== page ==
New ship deliveries in the depressed dry bulk market will be below expectations this year and vessel scrapping will remain high, providing the sector some relief, shipping executives said.
Many of the ship orders on the books are unlikely to be fulfilled because either the operator or the ship builder is defunct or close to it, the executives said, adding extremely low charter rates would squeeze more ships from the market.
“About 10 percent of the order book is rubbish,” Lasse Kristoffersen, the Chief Executive of ship owners and operators Torvald Klaveness Group told a conference.
The dry bulk sector has been in a deep depression for years and ships being launched now were ordered during the boom years before the global financial crisis.
Firms are struggling just to survive as spot charter rates are below $5,000 per day for the large, capesize class ships, well below break even levels and just a fraction of rates in excess of $100,000 a day in 2007 and 2008.
The global fleet is scheduled to grow by over 100 million deadweight tons (dwt) this year, well over 10 percent, but Kristoffersen predicted that the actual figure would be closer to 65-70 million dwt.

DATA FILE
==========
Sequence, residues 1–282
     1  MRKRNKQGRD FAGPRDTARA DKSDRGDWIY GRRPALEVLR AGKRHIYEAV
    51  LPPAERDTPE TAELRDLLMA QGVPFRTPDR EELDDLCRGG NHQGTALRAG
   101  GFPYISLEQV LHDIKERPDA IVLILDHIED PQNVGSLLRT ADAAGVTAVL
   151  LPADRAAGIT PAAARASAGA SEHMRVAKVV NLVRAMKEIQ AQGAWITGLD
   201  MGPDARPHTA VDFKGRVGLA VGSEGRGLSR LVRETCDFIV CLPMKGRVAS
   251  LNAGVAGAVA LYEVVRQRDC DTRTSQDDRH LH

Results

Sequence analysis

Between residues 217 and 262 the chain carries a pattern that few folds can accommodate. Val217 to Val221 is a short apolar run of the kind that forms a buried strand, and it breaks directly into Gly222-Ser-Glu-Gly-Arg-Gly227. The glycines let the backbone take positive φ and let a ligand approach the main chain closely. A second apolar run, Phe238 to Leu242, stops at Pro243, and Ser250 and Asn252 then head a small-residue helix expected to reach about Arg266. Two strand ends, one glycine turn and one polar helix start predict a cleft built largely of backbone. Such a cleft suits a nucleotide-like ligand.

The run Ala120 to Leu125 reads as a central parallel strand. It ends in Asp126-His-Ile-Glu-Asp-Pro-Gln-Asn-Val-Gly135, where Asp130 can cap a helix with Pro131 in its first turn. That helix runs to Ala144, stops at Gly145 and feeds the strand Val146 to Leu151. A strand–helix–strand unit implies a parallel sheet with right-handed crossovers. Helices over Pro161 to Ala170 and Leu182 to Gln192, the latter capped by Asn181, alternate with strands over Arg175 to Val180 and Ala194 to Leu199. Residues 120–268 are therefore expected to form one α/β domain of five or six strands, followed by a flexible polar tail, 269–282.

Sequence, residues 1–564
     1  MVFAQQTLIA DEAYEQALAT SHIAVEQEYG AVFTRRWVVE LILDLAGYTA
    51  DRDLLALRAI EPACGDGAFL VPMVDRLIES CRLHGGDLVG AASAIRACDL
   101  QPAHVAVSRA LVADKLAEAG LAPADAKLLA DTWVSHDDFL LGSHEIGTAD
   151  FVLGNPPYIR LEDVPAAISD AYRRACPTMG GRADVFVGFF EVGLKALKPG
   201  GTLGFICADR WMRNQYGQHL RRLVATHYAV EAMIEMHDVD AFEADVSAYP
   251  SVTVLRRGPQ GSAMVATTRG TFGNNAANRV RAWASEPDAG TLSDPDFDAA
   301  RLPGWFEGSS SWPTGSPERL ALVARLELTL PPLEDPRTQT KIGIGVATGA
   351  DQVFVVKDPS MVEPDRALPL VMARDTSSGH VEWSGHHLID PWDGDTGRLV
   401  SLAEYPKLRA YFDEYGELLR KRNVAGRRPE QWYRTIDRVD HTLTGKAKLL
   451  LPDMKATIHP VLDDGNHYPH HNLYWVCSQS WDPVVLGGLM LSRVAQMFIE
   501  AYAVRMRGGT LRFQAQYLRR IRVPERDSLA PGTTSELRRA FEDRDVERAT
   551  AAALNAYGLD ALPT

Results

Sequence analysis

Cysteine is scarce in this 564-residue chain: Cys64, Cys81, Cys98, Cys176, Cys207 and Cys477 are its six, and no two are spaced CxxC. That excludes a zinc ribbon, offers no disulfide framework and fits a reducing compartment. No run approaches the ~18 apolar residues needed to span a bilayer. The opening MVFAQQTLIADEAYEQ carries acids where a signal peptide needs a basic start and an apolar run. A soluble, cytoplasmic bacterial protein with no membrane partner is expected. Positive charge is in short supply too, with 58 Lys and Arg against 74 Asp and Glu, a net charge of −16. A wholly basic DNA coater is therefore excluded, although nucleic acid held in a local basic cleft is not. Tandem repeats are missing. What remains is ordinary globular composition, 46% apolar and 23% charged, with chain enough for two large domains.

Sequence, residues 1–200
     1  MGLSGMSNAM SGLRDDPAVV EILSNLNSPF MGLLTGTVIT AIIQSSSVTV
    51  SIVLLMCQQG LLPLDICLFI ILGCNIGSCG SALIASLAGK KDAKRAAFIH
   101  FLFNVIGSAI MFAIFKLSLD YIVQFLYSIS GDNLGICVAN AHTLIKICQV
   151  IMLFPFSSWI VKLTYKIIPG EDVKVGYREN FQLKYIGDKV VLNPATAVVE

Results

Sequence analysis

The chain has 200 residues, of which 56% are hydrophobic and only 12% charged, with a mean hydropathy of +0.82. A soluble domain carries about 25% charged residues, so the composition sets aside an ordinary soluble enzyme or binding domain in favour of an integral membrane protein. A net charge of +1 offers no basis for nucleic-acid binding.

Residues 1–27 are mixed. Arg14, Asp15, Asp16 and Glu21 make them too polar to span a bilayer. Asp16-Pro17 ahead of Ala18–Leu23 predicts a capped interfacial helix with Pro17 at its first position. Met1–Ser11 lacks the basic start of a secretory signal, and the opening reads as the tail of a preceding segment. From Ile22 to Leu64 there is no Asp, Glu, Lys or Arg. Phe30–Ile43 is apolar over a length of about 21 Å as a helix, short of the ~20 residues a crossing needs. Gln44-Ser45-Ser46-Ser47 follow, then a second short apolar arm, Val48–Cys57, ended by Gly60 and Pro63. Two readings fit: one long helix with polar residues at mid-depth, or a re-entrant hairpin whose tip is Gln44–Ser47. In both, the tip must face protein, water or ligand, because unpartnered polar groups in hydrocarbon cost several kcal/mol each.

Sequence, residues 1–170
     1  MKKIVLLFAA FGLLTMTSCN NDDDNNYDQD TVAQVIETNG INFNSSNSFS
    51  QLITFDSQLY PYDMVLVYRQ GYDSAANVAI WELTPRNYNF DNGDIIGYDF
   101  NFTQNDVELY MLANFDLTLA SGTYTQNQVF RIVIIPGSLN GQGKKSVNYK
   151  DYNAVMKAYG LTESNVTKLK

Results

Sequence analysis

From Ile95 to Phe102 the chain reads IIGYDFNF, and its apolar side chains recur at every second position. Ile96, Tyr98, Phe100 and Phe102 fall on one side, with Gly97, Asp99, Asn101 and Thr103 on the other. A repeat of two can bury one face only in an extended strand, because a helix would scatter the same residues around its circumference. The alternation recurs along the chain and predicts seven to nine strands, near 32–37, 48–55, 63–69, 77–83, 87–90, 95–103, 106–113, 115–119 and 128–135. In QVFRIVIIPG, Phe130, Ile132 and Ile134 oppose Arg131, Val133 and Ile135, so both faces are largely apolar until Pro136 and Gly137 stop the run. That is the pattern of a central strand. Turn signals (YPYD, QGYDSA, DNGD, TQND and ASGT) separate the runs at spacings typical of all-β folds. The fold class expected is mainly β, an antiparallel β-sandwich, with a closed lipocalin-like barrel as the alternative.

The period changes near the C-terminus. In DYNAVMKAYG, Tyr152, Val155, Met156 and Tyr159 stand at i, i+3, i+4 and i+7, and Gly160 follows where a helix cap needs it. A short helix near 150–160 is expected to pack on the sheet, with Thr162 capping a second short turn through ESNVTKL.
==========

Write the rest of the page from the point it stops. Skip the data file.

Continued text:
“With scrapping included, our projection is for a net increase of just 35 million tons (dwt),” Konstantinos Adamopoulos, the chief financial officer of Safe Bulkers said.
That is below some market expectations with Morgan Stanley predicting the fleet to rise by 63 million tonnes or exactly 10 percent, and for the utilization rate to fall to 74 percent from 77 percent.
“Based on (low) January figures, we think non-deliveries this year could be dramatically higher,” Ted Petrone, the President of operators Navios Corporation said.
In 2012, around 34 million tons were scrapped, or 5.5 percent of the entire fleet, the highest rate in decades, said Norwegian bank DNB, one of the biggest global shipping lenders.
“It’s good if we have rates this low for the next 6-9 months because it’ll push for more scrapping,” Herman Billung, the CEO of Golden Ocean said.
Executives estimated that around 90 million dwt of capacity was older than 20 years and thus ripe for immediate scrapping.
And while new orders peaked in excess of 170 million dwt in 2007, they fell as low as 20 million dwt last year, DNB said.
“If you believe the demand side, late 2013 or 2014 could be the turning point for the industry,” Kristoffersen added. (Reuters)